Five Ways To Start Your Fitness Program.

Motion helps muscles, joints, ligaments limber up for snow season.
Motion helps muscles, joints, ligaments limber up for snow season.

No more procastination.  You have from six weeks to three months, depending on where you live, to get ready for snow season.  If you are a year-round sports activist, then good on you.  If you are a part-timer, weekend warrior, you probably have to start getting more diverse muscles toned up.  If you are as not as active as you could be, reflect on your habits.  You will be safer and feel better when you head out to slopes or trails if you are physically toned.  It is a huge mistake to go from zero to a ski run or cross-country trail without being physically prepared, especially if you are one of those people who distinctly remember the Beatles on their first Ed Sullivan Show appearance.

Here are five ways to begin, especially if you’ve been off your program for whatever reason this summer.

1. Walk.  Simple.  Morning, lunchtime, or evening.  Walk fast, swing your arms, work up a sweat, carry light weights (2 pounds) or walk with ski poles (Nordic walking burns more calories), use a pedometer, keep a record of how far and how many steps.  After a week or so of daily walking,  the “training effect” will kick in, and you will feel looser, more steady and, guess what, you’ll be outside in the beautiful Autumn weather.  Here are some guidelines for getting started.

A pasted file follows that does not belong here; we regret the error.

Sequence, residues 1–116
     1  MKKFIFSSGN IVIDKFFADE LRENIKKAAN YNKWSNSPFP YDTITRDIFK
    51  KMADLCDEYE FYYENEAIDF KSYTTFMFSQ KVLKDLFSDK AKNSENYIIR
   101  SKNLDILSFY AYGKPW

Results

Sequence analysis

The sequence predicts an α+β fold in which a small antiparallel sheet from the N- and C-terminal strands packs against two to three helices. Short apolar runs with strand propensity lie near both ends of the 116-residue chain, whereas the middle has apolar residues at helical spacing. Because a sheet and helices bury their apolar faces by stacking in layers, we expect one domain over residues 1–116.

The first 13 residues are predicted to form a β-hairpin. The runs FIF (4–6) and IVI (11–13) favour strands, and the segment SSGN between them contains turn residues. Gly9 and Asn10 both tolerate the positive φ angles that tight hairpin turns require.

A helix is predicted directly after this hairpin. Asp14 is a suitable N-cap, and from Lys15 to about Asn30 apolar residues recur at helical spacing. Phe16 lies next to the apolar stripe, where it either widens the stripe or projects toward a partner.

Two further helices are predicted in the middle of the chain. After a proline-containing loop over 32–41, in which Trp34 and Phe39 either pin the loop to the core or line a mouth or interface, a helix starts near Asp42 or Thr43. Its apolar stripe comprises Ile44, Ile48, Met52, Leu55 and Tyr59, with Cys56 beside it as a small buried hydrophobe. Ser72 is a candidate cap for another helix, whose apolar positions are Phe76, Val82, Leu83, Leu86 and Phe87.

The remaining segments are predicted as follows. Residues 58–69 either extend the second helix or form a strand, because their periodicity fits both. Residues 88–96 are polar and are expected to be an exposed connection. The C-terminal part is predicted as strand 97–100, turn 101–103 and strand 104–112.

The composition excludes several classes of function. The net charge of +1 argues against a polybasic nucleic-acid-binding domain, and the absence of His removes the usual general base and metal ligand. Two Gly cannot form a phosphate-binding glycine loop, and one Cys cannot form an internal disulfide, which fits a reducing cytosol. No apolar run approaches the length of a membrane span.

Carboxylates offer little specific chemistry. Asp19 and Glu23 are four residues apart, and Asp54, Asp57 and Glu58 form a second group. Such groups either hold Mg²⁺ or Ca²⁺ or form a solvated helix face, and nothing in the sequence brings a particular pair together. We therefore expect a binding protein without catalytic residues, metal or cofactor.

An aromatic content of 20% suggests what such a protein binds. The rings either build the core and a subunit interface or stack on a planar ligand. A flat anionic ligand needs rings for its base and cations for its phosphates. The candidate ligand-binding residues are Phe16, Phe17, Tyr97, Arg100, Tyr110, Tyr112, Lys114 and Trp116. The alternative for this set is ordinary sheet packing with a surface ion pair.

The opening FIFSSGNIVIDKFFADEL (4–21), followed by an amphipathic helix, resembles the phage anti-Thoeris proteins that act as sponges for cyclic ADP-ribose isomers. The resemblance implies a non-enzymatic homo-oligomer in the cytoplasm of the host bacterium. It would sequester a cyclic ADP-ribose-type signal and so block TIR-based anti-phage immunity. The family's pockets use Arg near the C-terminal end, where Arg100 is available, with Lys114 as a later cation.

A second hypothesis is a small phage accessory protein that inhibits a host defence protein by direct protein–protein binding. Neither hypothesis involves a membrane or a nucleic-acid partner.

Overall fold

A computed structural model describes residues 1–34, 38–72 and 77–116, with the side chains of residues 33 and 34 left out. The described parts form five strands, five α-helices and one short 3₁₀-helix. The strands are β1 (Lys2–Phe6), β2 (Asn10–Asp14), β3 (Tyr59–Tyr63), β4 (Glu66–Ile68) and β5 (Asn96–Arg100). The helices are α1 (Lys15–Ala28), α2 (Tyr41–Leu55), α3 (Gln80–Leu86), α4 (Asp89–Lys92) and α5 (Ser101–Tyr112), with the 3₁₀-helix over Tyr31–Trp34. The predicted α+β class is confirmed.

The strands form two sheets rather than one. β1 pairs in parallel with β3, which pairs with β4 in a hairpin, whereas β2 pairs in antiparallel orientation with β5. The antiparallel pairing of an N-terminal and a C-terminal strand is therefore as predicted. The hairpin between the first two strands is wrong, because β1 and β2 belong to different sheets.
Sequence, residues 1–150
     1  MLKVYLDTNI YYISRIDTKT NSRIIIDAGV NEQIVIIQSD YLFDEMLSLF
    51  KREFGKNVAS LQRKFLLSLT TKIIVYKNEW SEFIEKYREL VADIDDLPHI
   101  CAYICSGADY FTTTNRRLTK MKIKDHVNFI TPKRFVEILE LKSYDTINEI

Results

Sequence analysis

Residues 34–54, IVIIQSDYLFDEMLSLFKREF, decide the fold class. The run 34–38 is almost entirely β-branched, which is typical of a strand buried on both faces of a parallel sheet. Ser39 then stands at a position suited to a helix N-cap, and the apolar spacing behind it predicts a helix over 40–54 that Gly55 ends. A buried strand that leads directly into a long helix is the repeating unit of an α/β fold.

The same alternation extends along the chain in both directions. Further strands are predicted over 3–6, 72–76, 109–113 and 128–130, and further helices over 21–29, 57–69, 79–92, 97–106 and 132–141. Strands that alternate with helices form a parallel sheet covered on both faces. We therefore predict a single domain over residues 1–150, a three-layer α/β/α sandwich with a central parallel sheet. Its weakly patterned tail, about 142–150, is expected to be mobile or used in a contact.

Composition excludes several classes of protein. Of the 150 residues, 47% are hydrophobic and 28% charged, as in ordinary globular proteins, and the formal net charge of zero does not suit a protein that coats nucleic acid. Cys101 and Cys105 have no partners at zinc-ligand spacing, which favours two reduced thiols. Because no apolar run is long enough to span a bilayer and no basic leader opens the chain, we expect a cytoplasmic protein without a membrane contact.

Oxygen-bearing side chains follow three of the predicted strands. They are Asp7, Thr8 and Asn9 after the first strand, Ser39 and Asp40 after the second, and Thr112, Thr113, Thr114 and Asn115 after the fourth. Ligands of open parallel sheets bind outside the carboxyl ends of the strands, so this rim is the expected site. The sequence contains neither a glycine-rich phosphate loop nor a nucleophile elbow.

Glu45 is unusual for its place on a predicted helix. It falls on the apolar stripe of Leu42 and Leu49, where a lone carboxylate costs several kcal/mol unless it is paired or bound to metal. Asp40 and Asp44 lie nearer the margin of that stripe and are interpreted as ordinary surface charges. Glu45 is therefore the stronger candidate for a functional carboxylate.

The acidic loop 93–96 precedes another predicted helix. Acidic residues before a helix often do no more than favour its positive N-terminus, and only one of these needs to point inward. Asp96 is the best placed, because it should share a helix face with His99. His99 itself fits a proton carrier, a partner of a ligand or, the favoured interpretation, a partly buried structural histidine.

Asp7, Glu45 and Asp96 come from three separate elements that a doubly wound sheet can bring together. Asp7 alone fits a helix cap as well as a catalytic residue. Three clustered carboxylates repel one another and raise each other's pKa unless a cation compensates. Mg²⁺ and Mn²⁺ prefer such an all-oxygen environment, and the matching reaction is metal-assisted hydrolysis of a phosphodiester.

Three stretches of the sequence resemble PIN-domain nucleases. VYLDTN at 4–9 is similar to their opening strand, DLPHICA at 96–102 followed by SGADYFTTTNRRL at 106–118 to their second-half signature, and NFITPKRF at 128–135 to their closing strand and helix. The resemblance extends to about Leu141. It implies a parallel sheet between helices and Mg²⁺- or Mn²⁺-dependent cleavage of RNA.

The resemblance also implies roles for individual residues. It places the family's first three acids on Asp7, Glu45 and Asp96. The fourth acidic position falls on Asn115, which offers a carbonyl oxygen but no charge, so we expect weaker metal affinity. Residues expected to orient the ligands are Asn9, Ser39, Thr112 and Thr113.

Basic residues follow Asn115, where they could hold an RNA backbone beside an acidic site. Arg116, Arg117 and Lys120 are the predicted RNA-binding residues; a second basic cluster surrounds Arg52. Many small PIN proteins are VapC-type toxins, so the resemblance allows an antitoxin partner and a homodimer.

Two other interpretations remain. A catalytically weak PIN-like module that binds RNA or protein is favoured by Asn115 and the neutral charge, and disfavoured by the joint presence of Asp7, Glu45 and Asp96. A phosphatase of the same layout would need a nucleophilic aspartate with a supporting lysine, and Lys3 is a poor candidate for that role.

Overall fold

2. Stretch. Loss of elasticity of connective tissue, an effect of the aging process, can be nasty.  Muscles tighten up, and back and joint problems ensue.  Stretching makes a difference. Learn to stretch your hamstrings, quads, hip flexors, and lower back.  There are many resources you can access for how-to.  Here is a good starter from the NIH. There’s always yoga. This is really, really important: If you aren’t using it, you’re losing it.

3. Gym Class. Going to a class led by a trainer provides structure, discipline and challenge.  An hour-long class will probably keep you in more motion than the same time spent alone in your basement.  In a good gym class, you will also learn about the muscles you are exercising, how to stretch them and gradually build up strength and flexibility all over your body, not just your favorite parts.  Probably most important, you will learn proper form so you get the most out of your efforts and help prevent injuries.’s Harriet Wallis wrote about Silver Sneakers, a national program sponsored by insurance company targeting seniors. There’s probably one near you.

4. Focus on four essentials.  No gym nearby? If you do head down to your basement or studio for exercises, here are four to get you going:  Lunges for legs, lower back, hips, Plank for core and probably one of the two top exercises of all, Pushups for core, upper body and arms, and the other top exercise, and Squats, a fundamental leg and back strengthener.  You must learn to do these correctly; form counts for everything.  Doing a zillion reps without proper form is not that effective and could get you hurt.

5. Get an app or two. There are many apps you can get for your smartphone that can be your training buddy.  This link has a few of many. Point is you will able to get feedback on how you are doing and see progress using a cool app. And in a strange way, the app builds an expectation. Just like the GPS voice in your car, you can have a relationship with your app.

As usual, see your doctor before trying any of this, or if you start a program, and it doesn’t feel good.  Remember this is meant to be a starter kit.  Stay tuned for more advanced fitness activities.

Now, don’t hesitate, get going. What’s your advice?

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